Connecticut

CONNECTICUT 2021 STATE POLICY PRIORITIES

Protect funding for Home and Community Based Programs

Over 178,000 Connecticut residents are providing unpaid care to loved ones with Alzheimer’s or another form of dementia thus enabling a large portion of the 80,000 people living with dementia in Connecticut to live in the community, instead of moving into more costly residential long-term care. Respite care provides a much-needed break for family caregivers. In cases where finances are tight, Connecticut's state-funded Alzheimer’s Respite Care Program steps in with limited but critical support. The Program funds can help provide occasional adult day care services or a personal care aide in the home a few times a month allowing the family caregiver to take care of their personal medical issues, complete tasks outside of the home, or simply enjoy time off from the demands of caregiving. Without these funds, many caregivers risk worsening their own health. Additionally, the Connecticut Home Care Program for Elders (CHCPE) serves thousands of people age 65 + who are at risk for nurs

Address COVID-19 Challenges in the Long-Term Care Setting

The COVID-19 pandemic continues to create additional challenges for people living with dementia, their families and caregivers. These challenges are particularly being felt in long-term care settings. Indeed, nursing homes and assisted living communities are on the frontlines of the COVID-19 crisis, where 48% of nursing home residents are living with dementia, and 42% of residents in residential care facilities, including assisted living communities, have Alzheimer’s or another dementia. We are urging state policymakers to continue to prioritize policy solutions to address the immediate and long term issues impacting care facilities during the COVID-19 pandemic. Additionally, we are supporting recommendations from the recent Mathematica report studying the state's response in long-term care settings as well as the Nursing Home and Assisted Living Oversight working group who is addressing the structural challenges in the operation and infrastructure of nursing homes



Connecticut State Plan Overview

In 2013, Connecticut's legislature passed Special Act 13-11, creating the state's Task Force on Alzheimer's Disease and Dementia. The Task Force met six times between September and December of 2013 and published a list of recommendations in December 2013 in the Report of the Task Force on Alzheimer's Disease and Dementia. The state plan focuses on short-term goals meant be completed over the course of three to five years. In January 2020, the Task Force published an update to the state plan, focusing on progress made, updating recommendations, and expanding the role for the Connecticut Department of Public Health.



ADVOCACY EVENTS

Connecticut State Advocacy Day

April 13, 2021

Thank you to everyone who joined us for our Virtual CT Advocacy Day on April 13th, 2021.


Sign Up to Learn More About Advocacy Opportunities in Connecticut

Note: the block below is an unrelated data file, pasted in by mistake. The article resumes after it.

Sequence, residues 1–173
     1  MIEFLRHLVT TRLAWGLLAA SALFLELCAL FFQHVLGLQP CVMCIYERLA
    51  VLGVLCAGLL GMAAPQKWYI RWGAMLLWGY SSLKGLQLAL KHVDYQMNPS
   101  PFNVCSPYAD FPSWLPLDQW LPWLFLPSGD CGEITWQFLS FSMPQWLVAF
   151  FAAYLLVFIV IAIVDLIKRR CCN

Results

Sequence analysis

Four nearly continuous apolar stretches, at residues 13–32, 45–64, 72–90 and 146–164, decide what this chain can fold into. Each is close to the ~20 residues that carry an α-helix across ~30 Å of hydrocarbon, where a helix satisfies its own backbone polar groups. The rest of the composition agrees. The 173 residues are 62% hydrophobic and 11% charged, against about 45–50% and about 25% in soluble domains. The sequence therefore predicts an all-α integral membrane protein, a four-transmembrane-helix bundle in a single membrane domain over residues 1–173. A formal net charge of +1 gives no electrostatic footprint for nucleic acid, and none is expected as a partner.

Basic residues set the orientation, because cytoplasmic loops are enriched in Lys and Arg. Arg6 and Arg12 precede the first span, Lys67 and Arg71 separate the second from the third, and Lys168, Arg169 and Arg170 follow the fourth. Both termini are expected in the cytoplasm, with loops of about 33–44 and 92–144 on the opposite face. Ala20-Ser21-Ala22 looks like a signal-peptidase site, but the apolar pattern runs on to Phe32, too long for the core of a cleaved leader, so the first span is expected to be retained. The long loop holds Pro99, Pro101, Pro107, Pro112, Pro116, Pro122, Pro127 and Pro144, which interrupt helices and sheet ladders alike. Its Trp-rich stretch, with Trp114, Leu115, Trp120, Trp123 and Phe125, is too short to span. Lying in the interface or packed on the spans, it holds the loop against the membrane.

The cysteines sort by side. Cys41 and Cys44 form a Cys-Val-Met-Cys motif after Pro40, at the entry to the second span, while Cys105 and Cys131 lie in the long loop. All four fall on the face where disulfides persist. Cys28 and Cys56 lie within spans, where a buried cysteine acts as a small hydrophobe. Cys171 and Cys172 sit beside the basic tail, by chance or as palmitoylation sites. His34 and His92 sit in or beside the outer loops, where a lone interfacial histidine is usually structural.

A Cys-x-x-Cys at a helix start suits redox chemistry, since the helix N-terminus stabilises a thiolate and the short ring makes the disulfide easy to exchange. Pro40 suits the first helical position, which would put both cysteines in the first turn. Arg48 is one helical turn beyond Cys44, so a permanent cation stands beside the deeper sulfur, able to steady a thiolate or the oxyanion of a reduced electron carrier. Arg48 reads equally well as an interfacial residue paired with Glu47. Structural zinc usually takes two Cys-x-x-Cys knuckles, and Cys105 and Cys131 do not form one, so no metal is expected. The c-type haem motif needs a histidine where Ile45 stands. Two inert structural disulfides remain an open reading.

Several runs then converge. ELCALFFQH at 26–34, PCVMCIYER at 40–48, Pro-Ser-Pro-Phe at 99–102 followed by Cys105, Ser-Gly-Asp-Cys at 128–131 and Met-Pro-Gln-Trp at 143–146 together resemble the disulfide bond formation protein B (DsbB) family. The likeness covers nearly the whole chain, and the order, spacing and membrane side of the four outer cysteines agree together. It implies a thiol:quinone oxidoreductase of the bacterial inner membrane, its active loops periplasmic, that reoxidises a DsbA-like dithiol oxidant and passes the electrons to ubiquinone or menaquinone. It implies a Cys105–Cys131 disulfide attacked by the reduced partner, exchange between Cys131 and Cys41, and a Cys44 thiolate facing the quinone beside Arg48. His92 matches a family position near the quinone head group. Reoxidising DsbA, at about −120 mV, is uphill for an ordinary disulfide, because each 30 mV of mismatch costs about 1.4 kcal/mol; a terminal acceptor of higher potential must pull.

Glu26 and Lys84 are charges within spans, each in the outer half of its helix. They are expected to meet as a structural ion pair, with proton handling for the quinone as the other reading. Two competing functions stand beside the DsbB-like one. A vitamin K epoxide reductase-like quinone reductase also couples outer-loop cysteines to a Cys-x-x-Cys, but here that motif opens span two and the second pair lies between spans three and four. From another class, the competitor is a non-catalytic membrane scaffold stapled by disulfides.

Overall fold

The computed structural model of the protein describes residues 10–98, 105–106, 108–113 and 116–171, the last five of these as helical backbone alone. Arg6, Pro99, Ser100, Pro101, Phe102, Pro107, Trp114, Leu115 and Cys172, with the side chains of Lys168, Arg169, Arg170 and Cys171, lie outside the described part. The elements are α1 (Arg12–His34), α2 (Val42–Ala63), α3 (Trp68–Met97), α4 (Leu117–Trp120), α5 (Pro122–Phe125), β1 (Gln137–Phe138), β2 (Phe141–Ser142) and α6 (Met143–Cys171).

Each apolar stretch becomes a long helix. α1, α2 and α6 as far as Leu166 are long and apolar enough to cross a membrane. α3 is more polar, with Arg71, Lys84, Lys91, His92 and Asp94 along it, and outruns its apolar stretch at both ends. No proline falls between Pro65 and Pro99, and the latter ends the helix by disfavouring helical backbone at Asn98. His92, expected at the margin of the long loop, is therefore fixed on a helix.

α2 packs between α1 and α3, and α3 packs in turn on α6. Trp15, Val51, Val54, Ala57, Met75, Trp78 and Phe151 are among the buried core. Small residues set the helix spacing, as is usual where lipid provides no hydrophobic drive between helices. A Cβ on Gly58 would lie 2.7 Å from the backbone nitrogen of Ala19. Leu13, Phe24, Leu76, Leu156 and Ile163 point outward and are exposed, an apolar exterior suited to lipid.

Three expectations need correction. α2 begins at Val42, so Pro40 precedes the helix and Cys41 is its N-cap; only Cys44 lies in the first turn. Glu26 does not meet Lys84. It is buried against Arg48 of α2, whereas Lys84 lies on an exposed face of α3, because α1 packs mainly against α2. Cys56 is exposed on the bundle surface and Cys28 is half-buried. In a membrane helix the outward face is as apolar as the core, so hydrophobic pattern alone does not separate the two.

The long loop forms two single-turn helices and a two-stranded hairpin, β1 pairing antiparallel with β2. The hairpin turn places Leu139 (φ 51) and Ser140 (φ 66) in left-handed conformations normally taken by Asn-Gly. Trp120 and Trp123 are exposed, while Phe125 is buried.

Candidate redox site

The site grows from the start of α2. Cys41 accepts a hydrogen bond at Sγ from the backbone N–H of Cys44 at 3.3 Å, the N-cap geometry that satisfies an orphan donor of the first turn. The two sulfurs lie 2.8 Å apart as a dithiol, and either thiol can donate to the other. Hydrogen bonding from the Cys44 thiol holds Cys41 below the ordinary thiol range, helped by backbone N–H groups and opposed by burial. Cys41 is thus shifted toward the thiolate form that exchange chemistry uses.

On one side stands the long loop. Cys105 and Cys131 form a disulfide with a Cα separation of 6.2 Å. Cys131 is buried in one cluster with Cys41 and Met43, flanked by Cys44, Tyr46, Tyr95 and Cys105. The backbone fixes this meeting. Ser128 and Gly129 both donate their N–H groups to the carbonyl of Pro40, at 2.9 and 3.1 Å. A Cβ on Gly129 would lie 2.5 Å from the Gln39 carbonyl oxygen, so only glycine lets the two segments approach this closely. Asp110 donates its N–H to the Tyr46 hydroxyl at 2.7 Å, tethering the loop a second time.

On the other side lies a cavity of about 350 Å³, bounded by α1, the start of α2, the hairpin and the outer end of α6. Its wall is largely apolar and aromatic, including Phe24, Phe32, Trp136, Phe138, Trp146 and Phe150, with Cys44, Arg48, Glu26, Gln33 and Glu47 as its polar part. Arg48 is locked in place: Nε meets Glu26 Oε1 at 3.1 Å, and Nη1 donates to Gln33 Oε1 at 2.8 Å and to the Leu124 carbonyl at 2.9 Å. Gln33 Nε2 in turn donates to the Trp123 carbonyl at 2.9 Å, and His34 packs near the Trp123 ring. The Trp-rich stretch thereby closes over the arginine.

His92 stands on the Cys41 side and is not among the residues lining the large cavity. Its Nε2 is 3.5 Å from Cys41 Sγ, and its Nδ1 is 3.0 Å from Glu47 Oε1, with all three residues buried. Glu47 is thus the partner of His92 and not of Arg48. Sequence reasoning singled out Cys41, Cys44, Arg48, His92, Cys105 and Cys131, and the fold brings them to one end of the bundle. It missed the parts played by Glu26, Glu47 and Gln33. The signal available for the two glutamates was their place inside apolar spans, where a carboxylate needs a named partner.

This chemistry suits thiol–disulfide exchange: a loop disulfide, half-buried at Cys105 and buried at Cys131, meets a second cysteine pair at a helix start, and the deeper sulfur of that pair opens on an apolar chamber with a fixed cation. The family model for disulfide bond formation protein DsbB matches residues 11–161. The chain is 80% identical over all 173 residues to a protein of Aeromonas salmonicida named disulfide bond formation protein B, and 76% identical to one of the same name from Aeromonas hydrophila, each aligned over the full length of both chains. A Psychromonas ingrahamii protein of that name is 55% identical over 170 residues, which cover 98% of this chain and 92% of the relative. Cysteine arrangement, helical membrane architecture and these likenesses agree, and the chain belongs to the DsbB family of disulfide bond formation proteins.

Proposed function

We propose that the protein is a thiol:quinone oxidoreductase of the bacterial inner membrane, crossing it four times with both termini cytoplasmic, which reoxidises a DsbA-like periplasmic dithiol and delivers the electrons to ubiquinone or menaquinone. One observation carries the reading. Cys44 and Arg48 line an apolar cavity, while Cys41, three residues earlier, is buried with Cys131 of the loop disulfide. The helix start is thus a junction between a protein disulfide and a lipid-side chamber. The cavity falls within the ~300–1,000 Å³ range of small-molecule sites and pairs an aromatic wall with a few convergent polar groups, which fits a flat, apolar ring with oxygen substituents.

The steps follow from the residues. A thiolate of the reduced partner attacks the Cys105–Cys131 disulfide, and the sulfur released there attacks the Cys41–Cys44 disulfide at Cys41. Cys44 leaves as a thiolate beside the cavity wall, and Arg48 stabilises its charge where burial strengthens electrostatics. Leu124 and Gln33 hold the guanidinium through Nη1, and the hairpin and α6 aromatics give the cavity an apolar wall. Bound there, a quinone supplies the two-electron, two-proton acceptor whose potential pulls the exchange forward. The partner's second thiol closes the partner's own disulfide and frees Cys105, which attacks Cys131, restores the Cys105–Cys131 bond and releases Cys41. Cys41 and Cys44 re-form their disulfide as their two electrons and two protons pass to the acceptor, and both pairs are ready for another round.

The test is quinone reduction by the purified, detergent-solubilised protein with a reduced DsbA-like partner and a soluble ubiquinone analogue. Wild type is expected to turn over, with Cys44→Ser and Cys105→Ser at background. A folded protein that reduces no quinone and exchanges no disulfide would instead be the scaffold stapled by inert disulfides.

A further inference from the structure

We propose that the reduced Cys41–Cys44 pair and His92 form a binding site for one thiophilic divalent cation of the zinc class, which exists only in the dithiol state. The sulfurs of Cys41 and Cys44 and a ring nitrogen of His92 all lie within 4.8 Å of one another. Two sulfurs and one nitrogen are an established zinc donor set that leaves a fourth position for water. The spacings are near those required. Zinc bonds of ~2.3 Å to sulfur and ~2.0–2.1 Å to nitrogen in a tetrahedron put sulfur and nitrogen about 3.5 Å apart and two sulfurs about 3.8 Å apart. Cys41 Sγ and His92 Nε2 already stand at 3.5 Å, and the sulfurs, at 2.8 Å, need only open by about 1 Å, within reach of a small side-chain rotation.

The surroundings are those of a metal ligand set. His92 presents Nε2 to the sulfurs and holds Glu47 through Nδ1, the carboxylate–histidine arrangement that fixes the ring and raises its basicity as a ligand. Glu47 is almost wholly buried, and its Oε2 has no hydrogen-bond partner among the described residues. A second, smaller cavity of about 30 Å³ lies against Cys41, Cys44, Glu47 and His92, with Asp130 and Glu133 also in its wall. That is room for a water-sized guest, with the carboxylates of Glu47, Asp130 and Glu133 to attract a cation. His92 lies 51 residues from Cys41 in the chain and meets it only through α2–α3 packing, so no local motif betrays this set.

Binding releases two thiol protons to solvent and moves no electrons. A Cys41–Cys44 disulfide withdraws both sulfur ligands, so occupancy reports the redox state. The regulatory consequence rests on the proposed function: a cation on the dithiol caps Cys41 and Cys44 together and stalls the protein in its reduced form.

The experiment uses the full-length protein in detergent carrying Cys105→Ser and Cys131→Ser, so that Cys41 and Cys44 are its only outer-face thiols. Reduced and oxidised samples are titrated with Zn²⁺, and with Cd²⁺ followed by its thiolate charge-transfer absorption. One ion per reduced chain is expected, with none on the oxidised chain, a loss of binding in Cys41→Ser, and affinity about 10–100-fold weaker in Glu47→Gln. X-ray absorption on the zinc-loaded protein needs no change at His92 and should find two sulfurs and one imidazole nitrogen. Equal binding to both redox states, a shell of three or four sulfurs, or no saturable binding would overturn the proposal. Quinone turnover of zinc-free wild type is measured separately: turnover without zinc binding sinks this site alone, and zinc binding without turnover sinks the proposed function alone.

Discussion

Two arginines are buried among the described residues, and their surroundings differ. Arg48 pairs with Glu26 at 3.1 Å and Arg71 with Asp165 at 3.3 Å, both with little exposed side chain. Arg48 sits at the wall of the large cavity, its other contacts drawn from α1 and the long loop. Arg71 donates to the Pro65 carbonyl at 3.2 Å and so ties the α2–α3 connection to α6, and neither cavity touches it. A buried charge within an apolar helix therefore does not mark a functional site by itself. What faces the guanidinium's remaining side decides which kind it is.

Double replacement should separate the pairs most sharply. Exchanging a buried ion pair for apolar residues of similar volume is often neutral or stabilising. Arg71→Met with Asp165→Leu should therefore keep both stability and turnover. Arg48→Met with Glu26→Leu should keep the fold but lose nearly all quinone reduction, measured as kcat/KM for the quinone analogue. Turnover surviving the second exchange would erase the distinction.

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State Affairs Contact Christianne Kovel | 8609138279 [email protected]



Alzheimer's Facts and Figures in Connecticut

Alzheimer's Disease Facts and Figures, an annual report released by the Alzheimer's Association®, reveals the burden of Alzheimer's and dementia on individuals, caregivers, government and the nation's health care system.


Prevalence



woman holding glasses

80,000

Individuals living with Alzheimer's in Connecticut


This number is projected to increase 13.8% between 2020 and 2025.

Nationally, there are more than 6 million Americans living with Alzheimer's. This number is expected to more than double by 2050.

Mortality


967

Deaths from Alzheimer's in Connecticut in 2019

couple hugging on bench

Alzheimer's is the 6th leading cause of death in Connecticut.

There were 382 more deaths than expected from Alzheimer's and dementia during the COVID-19 pandemic in 2020, 12% higher than average.


Caregiving



caregiver hugging

Value of unpaid care work

Hours of unpaid care


Nationally, Alzheimer's and dementia caregivers provided nearly $257 billion in unpaid care in 2020. In Connecticut, there are 142,000 dementia caregivers, who each provide an average of 21 hours of unpaid care per week

Costs

Medicare

$30,653

per capita Medicare spending on people with dementia

Medicaid

$1,022,000,000

Medicaid costs of caring for people with Alzheimer's in 2020

Hospice and Hospitals



2,380

# of people in hospice with a primary diagonsis of dementia


1,635

# of emergency department visits per 1,000 people with dementia


People with Alzheimer's disease have twice as many hospital stays per year as other older people. Nationally, emergency department visits for those with dementia have increased nearly 30% over the past decade.


The 2021 Alzheimer's Disease Facts and Figures report contains data on the impact of Alzheimer's on the nation and in every state across the country.
Visit alz.org/facts to view the full report.